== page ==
"I worked through that night as a runner," says Conrad. "Word came that Mr. Berkowitz was going to be arraigned in Brooklyn, so I rushed down there. They brought him in a completely different way from where all of the other photographers were waiting for him. They walked him through with the handcuffs on and locked the precinct doors behind them, but I was already inside. I remembered Paul's advice and was already where I needed to be. So Paul got page one the first day, and I got page one the next day."
Hosefros also has a different way of looking at his subject, one that is informed by his commitment to telling a story with his pictures. Hosefros says that while most photo opportunities in Washington are staged affairs, with a designated place for the press to stand, he learned to move away from the crowd and look for a different shot of the proceedings.
"He's never with the mob," says Crowley. "The nature of political photography is to fight your way to the center of the velvet rope, but that wasn't Paul's approach. He'd always be off to the side."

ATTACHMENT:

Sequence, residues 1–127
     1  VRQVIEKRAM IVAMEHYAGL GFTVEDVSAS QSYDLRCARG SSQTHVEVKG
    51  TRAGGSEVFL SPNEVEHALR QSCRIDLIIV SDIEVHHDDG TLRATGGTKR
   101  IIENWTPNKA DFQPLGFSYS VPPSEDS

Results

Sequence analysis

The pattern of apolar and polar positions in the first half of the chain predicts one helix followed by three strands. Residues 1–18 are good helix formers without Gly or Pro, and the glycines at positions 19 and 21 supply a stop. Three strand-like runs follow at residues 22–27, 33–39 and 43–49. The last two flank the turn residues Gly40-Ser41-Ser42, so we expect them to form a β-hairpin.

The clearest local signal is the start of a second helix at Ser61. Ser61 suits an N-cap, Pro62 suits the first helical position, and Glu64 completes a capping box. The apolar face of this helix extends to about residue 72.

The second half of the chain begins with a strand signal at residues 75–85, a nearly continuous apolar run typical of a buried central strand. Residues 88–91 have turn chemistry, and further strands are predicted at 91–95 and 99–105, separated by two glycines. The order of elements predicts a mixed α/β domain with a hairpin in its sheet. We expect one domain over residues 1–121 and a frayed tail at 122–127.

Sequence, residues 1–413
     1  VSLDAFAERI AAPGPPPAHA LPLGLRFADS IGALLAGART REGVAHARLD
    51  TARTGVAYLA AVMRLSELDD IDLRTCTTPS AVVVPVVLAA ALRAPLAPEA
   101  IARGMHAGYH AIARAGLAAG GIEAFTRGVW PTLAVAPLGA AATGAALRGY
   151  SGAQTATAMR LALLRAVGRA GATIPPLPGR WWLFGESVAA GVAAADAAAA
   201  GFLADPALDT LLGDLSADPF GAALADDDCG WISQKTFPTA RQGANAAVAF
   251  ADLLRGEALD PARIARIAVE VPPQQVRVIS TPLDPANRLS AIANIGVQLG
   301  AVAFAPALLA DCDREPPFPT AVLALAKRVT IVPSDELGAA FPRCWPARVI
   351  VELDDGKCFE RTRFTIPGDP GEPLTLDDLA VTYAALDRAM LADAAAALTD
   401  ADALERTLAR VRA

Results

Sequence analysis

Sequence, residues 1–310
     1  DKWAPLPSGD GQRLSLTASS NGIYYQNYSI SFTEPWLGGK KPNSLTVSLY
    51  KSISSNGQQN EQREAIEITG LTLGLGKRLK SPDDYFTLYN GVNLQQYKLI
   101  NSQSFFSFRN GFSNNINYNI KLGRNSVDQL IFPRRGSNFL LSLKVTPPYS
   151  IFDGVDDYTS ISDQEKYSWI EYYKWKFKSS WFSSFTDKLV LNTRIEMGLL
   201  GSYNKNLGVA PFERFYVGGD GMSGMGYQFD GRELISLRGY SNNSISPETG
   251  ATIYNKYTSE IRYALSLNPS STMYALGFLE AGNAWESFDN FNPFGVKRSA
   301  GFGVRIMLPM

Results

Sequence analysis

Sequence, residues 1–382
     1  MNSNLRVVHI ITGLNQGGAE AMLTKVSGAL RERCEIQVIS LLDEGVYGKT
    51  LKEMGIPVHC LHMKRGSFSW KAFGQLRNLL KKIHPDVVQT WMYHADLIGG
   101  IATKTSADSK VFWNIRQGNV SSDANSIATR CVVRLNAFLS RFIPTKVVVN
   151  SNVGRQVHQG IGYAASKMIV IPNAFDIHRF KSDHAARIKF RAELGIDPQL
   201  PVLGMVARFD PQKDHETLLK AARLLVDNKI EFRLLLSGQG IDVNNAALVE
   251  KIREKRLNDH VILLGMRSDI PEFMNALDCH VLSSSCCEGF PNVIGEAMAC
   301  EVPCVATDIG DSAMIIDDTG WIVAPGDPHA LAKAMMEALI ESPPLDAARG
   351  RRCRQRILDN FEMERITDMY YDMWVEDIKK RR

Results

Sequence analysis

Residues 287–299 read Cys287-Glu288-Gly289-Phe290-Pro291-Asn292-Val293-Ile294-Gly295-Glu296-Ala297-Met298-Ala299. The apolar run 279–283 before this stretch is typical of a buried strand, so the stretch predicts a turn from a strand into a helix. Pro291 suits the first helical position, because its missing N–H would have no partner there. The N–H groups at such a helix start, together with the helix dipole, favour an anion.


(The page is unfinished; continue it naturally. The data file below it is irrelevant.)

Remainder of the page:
Lonnie Schlein was the national picture editor of the Times from 1992 to 2001. "Paul is the quintessential Washington news photographer," he says. "Very few photographers can get through to people and establish relationships with the people behind the scenes the way that Paul could. There are plenty of average photographers there, who can give you a predictable shot. Paul had the ability to surprise readers with a picture that they wouldn't expect. The New York Times editors and readers expect to see that special moment. Paul is an all-around great photographer with an ability to see beneath the political process."